What are the Most Common Causes of Black Vomit?

Mary McMahon
Mary McMahon

Black vomit is usually caused by bleeding in the upper gastrointestinal tract. The bleeding is a sign of an underlying medical problem. Patients who vomit black or dark brown blood, bright red blood, or blood that looks like coffee grounds should see a doctor as soon as possible for evaluation and treatment. Occasionally black vomit can be caused by something a patient has eaten, as in the case of a patient who eats a dark food like chocolate cake and then feels sick. If there is no dietary explanation, however, the dark vomit may be a sign of a medical emergency.

Consuming dark foods can cause black vomit.
Consuming dark foods can cause black vomit.

When people experience bleeds in the upper gastrointestinal tract, blood can enter the stomach and the enzymes in the stomach break it down, turning it dark brown or black. This causes black vomit. Some reasons for bleeds can include prolonged vomiting leading to tears in the esophagus, tumors, kidney disease, alcoholism, a ruptured ulcer, internal trauma, and hemorrhagic diseases like yellow fever. Certain medications can also contribute to the development of bleeds, especially when combined with other drugs or used with herbal supplements.

Black vomit may be a sign of kidney disease.
Black vomit may be a sign of kidney disease.

Patients rarely experience black vomit alone. They may also feel generally nauseous, have diarrhea, and experience other symptoms. Feeling faint and disoriented and looking pale are significant causes of concern, as they may indicate that a patient is losing blood internally. When someone starts experiencing black vomit, it is advisable to call a doctor, describe the symptoms and the patient's recent history, and get advice about when and where to seek medical attention.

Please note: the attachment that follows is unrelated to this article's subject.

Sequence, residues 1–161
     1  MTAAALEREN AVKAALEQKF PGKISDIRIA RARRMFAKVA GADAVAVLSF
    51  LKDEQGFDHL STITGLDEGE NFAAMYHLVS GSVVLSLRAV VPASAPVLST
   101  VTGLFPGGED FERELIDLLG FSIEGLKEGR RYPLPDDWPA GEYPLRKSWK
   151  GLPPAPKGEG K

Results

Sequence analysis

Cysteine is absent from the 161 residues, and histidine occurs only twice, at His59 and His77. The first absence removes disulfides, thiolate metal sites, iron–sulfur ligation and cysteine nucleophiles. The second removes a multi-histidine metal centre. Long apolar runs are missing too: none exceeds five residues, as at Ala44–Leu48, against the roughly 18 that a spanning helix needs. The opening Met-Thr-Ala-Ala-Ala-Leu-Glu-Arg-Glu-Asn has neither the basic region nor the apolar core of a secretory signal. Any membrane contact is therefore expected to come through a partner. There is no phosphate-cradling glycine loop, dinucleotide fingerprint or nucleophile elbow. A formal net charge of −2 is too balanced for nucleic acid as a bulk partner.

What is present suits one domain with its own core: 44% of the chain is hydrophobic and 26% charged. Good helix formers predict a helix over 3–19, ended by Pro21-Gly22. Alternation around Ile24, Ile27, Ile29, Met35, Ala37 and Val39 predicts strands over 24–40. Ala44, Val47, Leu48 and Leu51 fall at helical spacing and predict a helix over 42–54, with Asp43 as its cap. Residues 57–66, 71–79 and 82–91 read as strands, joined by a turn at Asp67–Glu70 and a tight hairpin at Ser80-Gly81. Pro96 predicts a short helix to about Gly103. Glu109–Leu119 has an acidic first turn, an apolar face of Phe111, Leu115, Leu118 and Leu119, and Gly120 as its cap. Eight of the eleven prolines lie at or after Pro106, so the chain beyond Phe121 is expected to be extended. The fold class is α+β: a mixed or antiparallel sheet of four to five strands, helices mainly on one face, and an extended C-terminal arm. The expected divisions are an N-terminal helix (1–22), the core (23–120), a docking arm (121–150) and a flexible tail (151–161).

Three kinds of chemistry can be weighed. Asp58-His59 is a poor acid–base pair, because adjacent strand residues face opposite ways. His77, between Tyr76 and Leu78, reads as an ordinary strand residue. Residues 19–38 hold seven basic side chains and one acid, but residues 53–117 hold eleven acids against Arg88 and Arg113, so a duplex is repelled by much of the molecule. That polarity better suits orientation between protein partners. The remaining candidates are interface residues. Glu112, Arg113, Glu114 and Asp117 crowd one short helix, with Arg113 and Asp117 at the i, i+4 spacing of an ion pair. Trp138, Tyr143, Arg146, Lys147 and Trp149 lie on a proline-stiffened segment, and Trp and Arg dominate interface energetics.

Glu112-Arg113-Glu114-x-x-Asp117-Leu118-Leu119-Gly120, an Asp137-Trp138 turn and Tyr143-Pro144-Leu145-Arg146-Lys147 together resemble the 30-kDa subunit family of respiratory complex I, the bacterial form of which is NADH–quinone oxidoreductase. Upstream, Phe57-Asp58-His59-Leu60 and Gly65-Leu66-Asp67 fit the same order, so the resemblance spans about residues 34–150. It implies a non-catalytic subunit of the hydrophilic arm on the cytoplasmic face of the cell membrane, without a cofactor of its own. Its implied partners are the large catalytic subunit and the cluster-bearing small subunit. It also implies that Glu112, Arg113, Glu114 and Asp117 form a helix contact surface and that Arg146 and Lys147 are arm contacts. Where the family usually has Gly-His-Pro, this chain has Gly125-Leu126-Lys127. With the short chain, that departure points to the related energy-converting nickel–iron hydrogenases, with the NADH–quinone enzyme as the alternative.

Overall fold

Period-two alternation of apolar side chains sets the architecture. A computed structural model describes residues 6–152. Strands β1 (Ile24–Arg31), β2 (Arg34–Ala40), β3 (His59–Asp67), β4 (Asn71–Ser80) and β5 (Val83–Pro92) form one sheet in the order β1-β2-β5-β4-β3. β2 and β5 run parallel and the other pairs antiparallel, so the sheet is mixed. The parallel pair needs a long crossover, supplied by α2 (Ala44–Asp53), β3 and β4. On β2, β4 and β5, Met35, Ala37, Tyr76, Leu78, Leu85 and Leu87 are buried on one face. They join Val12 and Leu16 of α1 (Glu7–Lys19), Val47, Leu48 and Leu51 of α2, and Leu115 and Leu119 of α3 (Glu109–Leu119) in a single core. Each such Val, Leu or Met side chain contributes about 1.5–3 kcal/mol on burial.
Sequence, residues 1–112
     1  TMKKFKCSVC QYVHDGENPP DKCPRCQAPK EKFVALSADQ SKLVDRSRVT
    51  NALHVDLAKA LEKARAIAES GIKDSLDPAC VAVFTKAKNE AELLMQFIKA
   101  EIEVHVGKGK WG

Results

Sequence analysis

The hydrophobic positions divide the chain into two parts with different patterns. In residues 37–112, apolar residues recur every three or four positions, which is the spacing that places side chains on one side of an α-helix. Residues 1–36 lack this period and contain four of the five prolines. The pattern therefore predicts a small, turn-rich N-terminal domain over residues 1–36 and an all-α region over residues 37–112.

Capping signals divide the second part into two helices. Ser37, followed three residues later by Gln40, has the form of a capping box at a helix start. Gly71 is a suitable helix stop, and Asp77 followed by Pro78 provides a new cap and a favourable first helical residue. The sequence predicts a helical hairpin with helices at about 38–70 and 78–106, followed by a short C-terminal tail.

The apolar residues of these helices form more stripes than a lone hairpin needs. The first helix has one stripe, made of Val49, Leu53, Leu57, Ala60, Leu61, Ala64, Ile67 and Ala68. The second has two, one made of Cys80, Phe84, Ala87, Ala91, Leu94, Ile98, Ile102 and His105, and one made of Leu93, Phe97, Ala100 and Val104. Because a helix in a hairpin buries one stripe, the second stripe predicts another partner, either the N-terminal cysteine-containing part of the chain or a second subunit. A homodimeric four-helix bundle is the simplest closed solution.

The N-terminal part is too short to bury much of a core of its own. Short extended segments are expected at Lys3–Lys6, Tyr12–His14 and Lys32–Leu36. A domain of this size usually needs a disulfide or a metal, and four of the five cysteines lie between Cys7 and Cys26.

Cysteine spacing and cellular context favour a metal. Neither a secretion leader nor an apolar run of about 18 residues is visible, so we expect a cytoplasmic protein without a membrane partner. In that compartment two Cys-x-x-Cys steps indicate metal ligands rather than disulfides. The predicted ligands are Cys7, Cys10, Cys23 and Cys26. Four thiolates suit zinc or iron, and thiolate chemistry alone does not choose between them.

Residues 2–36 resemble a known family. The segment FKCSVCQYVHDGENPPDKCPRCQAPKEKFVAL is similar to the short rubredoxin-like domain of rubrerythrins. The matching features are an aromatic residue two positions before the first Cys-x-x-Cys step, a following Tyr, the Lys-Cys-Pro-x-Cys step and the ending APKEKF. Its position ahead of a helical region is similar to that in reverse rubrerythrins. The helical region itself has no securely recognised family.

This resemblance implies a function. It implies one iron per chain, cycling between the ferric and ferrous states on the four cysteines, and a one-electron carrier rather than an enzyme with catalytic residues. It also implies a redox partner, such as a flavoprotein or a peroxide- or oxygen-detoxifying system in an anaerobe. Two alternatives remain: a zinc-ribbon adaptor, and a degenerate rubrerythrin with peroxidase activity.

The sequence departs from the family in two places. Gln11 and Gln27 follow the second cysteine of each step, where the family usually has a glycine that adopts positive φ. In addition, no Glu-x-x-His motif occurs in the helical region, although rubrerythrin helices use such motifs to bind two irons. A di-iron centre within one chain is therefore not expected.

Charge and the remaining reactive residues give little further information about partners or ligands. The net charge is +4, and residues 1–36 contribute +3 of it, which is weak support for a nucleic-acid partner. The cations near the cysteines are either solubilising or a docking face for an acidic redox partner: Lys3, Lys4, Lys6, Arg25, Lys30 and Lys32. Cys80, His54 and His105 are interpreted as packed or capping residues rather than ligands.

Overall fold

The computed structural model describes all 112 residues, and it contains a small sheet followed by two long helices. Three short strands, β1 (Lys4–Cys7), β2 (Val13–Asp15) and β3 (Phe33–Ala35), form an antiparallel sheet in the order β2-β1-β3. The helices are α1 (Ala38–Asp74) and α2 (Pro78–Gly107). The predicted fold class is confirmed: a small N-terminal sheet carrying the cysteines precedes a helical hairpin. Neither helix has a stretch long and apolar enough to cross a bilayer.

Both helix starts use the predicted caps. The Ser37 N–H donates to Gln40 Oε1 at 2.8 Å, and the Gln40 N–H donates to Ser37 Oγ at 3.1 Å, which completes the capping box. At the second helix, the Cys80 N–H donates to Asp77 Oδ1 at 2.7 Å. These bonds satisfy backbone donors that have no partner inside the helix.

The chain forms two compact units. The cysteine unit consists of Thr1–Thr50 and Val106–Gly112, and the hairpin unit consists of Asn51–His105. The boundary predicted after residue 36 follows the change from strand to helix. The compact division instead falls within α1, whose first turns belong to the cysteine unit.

Alcoholism can cause bleeding in the GI tract, with accompanying black vomit.
Alcoholism can cause bleeding in the GI tract, with accompanying black vomit.

In a hospital or clinic, a patient can be evaluated with an endoscopy of the gastrointestinal tract, along with medical imaging studies and other tests. This information will be used to find the source of the bleeding and learn more about why it is happening. Treatments can include surgery and medications, depending on the cause of the bleeding, how much blood the patient has lost, and the patient's general condition.

Patients rarely experience black vomit in the absence of other symptoms.
Patients rarely experience black vomit in the absence of other symptoms.

Some people are at increased risk for bleeds in their upper gastrointestinal tracts. They should be alert to signs of a developing bleed and follow any directions they may have received from their physicians. Leaving a bleed untreated can have serious consequences for a patient, including the development of a life threatening medical emergency. Patients should also be aware that if a bleed was experienced in the past, a subsequent episode may have a different cause and a different approach to treatment may be required.

If blood enters the stomach, enzymes break it down, turning it black, causing black vomit.
If blood enters the stomach, enzymes break it down, turning it black, causing black vomit.
Mary McMahon
Mary McMahon

Ever since she began contributing to the site several years ago, Mary has embraced the exciting challenge of being a wiseGEEK researcher and writer. Mary has a liberal arts degree from Goddard College and spends her free time reading, cooking, and exploring the great outdoors.

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Discussion Comments


Is your dog drinking water? Parvo is a killer because it causes vomiting and diarrhea which leads to dehydration - the cause of death. Get to a vet soon!!


Upper gastrointestinal bleeding is black usually. Most common cause is an ulcer. If it is a singular event I wouldn't worry, multiple times see a physician. Blood turns black when it has a chemical reaction with stomach secretions.